Tuesday, 29 July 2014

The Lakeland 50. July 2014

On closing one circle and starting to draw another one.

For the past four years this event has been a large part of my life.  I've spent time planning, training (initially) then maintaining, hopefully trying to improve on the stamina etc., purchasing and honing down kit selections, reading large amounts of literature which I thought might give me hints, tips and inspiration.  I've spent countless hours on the forum chatting about the event and generally just feeling part of this fantastic thing called the Lakeland 100/50. I've learned such a lot on this journey and made some brilliant new friends and been extremely grateful for the advice and encouragement of old friends. The poor dog has been my companion on various adventures, well actually probably not poor dog as she loves to get wet, dirty and smelly.   Last year I DNF'd this event, it felt the right decision at the time but it still rankled and felt like unfinished business.  


I'll never ever forget that first finish.  It may sound like a cliche but that finish changed me somewhat.  I went in one side of those 50 miles one person and came out the other as a slightly modified version.  It will remain one of the best moments of my life.  I hope I made my family proud in fact I'm sure I did.  Despite the odd moans about going to the "bloody Lake District again" Bilbo has stoically driven me about, waited around and generally just been there to carry the bags, take the pictures and well just be there to say, well done, at the end.  Rissa has listened to copious amounts of probably very boring ultra stuff and accompanied me and Kona on some of our jaunts.  She has also been very good and helping me spend various amounts of money on good kit.  It means such a lot.  

There never really was any question that I wouldn't give it another shot, as I said unfinished business.  So once the entry was confirmed preparation began.  I had already entered the GL3D, which has been blogged about.  I started going to track, which I did enjoy and will be going back to once the Autumn and Winter arrive.   Did some mountain biking, popped in a road cycling event and generally did a fair amount of walking.  I'm sure some members of dog walking group might not see it the same way as hills don't particularly appeal to all LOL.  I even managed to quite late on in the day, manage to lose some weight, which helped a great deal.  More must come off as I realize things are a lot easier if one is not lugging around all those extra kilos





Arrival and registration.
Sadly didn't get down to Coniston in time to see the 100 runners off or see the Lakeland 1 which is a huge shame because as it turns out I missed Annabel Hart getting her medal.  Booked in to B & B then headed to get the registration over with.  Was gobsmacked to see Vicky waving at me from inside the hall, it took me several seconds to realize who it was.  Vicky and family were holidaying in the area and came along to take part in the Lakeland 1 and buy some new kit. See you just can't stop these Ultrarunners from needing new kit or thinking about Ultrarunning even on holiday.   Had to then do all the necessary stuff and oh how pleased I was that long time Lakeland buddy Anna did my weight LOL.  After that and chatting to other Lakeland peeps I was gobsmacked again to get a big hug from another DRC mate Susan  who was down with her partner supporting and scoping out the event. Yep those  Ultrarunners just can't help it.  Those two things conspired to help make this occasion even more special.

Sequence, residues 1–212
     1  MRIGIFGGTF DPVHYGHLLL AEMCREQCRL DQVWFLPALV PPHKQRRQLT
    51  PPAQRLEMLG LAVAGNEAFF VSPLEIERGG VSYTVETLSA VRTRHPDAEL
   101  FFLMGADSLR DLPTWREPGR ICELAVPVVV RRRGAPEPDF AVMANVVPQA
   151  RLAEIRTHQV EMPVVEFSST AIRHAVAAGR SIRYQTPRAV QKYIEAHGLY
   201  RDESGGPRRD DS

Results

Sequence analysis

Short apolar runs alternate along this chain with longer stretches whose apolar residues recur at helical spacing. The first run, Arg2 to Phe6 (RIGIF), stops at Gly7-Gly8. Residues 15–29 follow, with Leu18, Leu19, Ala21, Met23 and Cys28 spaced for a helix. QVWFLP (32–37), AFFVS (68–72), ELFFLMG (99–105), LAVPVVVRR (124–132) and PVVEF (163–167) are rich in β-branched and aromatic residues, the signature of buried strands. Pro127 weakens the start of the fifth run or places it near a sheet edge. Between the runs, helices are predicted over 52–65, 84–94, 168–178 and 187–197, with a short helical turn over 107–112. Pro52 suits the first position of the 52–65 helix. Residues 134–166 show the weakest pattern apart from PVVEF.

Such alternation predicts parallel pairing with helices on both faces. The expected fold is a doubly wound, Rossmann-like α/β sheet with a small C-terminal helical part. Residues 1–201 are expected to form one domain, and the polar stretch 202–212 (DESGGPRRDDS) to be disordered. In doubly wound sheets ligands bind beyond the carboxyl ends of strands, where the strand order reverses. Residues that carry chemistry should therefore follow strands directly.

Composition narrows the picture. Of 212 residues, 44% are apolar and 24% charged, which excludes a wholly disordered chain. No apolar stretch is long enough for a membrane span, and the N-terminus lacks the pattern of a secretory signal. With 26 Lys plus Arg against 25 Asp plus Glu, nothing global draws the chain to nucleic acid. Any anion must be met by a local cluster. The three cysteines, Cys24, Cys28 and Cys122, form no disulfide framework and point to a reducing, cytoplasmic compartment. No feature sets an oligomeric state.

After a good night's sleep and big bowl of porridge and some toast it was off the the briefing and then into the car for the trip to Dalemain.  Again it was special having Bilbo there at the start.  
Here's Kim and I just before the off.  Feeling confident and very hot.

So to the actual event itself.  

I'm not going to write loads about each section as those who have read the other blogs will know route almost as well as me by now.  I'll try to keep it shortish.



The first four miles done and dusted and the heat is tremendous.



The journey to Howtown was uneventful just relentlessly hot, the sun was at it's highest and was fierce.  Managed a run though, as this is a brilliant section with wonderful views over Ullswater and best of all most of it is downhill. My only problem was that I knew what was coming next after the checkpoint.
Dibbed into Howtown determined not to linger long, but still needed to fix feet as they were very hot and sand and wee stones had made their way in.  Re-hydrated best I could.  Kim came in just before I was about to leave and said she was pulling out with ITB issues.  Bugger.

Now here is where it gets a bit personal so if squeamish about bodily functions skip gaily on. 

I knew leaving Howtown that I had a problem, I suffer periodically from cystitis, the heat does not help, so on one of my sit down stops up Fusedale I was forced to sit down in another way and attempt to wee, this was very painful and made me feel a bit sick.  Only remedy is to drink more, but as I was sweating so much that was difficult.  Popped two paracetamol and trudged on trying to ignore it.
Thank to Steve Mee for photo.
Usual trip up to Groovy Gill, planted face, on purpose into the Gill and cooled myself and started again.  It gets better for me Fusedale after this spot, just one more sit down (don't worry not to wee this time, just to sit and gather strength for the next push) and I'm over the top and overtaking people who quite frankly thought I may have been dying five mins before.  Brilliant run downhill and onto Mardale, no fear this year, nice steg round the edge and into the checkpoint,.  Expertly looked after by the Spartans.  Loved the sign on entry which read in big letters "This is Sparta".  Two more toilet trips, more pain and it's on up Gatesgarth.  Stopping several times not really because of the incline but because of the feeling in my nether regions lol.  Must of looked a bit funny, standing there looking stupid with my legs apart and swearing under my breath.   Fortunately the sun had gone now and it was much cooler so no more sweating.   One of my highlights going down to Sadgill was the 100 runner coming running, skipping down behind me singing out about how much pain he was in.  He was still running though bless him.  The rain came on heavens hard going through the gate at the farm, so quick stop and waterproofs on, plus headtorch as it was now dark. Up and over and into Kentmere, one small blip when I thought I was going the wrong way, put back on course by a lovely 100 runner.